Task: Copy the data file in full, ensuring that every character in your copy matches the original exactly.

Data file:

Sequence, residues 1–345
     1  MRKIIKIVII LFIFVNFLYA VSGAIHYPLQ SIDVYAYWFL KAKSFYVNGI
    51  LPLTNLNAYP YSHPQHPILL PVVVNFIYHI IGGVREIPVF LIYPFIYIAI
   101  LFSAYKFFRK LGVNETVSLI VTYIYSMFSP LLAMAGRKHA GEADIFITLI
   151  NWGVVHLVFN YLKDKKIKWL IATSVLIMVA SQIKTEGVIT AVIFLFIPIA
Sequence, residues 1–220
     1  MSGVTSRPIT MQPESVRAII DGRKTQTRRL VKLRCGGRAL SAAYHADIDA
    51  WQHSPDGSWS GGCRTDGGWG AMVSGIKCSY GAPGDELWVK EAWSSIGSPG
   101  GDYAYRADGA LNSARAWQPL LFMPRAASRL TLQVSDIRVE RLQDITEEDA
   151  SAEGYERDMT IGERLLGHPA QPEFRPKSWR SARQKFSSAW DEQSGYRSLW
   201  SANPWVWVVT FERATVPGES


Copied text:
Sequence, residues 1–345
     1  MRKIIKIVII LFIFVNFLYA VSGAIHYPLQ SIDVYAYWFL KAKSFYVNGI
    51  LPLTNLNAYP YSHPQHPILL PVVVNFIYHI IGGVREIPVF LIYPFIYIAI
   101  LFSAYKFFRK LGVNETVSLI VTYIYSMFSP LLAMAGRKHA GEADIFITLI
   151  NWGVVHLVFN YLKDKKIKWL IATSVLIMVA SQIKTEGVIT AVIFLFIPIA
Sequence, residues 1–220
     1  MSGVTSRPIT MQPESVRAII DGRKTQTRRL VKLRCGGRAL SAAYHADIDA
    51  WQHSPDGSWS GGCRTDGGWG AMVSGIKCSY GAPGDELWVK EAWSSIGSPG
   101  GDYAYRADGA LNSARAWQPL LFMPRAASRL TLQVSDIRVE RLQDITEEDA
   151  SAEGYERDMT IGERLLGHPA QPEFRPKSWR SARQKFSSAW DEQSGYRSLW
   201  SANPWVWVVT FERATVPGES